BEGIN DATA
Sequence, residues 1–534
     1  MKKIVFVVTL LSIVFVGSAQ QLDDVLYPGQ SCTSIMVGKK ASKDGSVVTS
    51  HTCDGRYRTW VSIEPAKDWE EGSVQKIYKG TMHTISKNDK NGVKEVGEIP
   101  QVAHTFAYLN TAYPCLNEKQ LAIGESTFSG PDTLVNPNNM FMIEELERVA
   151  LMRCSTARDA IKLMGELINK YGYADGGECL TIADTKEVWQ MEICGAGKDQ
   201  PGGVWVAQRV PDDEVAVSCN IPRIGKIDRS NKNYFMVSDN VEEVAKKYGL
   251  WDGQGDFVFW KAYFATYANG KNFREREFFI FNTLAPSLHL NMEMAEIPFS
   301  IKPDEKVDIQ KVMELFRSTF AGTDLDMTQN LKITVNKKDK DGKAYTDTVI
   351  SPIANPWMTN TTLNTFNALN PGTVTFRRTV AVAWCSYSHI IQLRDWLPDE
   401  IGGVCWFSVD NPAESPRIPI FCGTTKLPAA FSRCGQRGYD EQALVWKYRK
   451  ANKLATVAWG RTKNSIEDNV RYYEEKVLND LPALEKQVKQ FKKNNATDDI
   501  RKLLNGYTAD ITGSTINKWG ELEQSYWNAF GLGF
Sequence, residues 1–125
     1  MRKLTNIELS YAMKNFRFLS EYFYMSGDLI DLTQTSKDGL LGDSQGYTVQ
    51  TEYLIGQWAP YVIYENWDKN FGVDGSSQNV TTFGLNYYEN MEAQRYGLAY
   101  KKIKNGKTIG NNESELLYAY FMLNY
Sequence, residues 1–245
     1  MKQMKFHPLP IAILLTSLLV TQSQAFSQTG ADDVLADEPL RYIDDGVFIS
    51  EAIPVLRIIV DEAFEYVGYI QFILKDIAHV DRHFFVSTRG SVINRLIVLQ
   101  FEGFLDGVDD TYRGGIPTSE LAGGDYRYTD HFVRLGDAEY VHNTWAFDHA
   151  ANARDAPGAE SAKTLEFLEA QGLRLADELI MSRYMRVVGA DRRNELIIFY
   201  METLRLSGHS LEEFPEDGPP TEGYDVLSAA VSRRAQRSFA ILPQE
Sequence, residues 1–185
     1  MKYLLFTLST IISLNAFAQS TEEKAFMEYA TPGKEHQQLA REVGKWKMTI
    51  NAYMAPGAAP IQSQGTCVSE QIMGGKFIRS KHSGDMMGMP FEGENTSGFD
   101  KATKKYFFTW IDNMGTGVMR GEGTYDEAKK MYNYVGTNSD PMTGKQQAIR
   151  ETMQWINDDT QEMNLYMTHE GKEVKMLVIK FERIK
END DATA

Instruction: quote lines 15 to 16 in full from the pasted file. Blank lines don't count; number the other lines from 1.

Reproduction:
    51  TEYLIGQWAP YVIYENWDKN FGVDGSSQNV TTFGLNYYEN MEAQRYGLAY
   101  KKIKNGKTIG NNESELLYAY FMLNY